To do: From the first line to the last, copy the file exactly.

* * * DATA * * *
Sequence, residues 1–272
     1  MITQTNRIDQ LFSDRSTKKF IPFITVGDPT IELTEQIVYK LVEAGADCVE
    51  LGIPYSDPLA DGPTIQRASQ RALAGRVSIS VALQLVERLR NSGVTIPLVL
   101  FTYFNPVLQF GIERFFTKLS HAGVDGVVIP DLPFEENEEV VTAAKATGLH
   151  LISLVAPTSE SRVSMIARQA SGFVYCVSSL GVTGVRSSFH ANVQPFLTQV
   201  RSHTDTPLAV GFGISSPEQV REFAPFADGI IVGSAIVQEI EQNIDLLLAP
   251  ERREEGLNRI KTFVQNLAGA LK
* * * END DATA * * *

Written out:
Sequence, residues 1–272
     1  MITQTNRIDQ LFSDRSTKKF IPFITVGDPT IELTEQIVYK LVEAGADCVE
    51  LGIPYSDPLA DGPTIQRASQ RALAGRVSIS VALQLVERLR NSGVTIPLVL
   101  FTYFNPVLQF GIERFFTKLS HAGVDGVVIP DLPFEENEEV VTAAKATGLH
   151  LISLVAPTSE SRVSMIARQA SGFVYCVSSL GVTGVRSSFH ANVQPFLTQV
   201  RSHTDTPLAV GFGISSPEQV REFAPFADGI IVGSAIVQEI EQNIDLLLAP
   251  ERREEGLNRI KTFVQNLAGA LK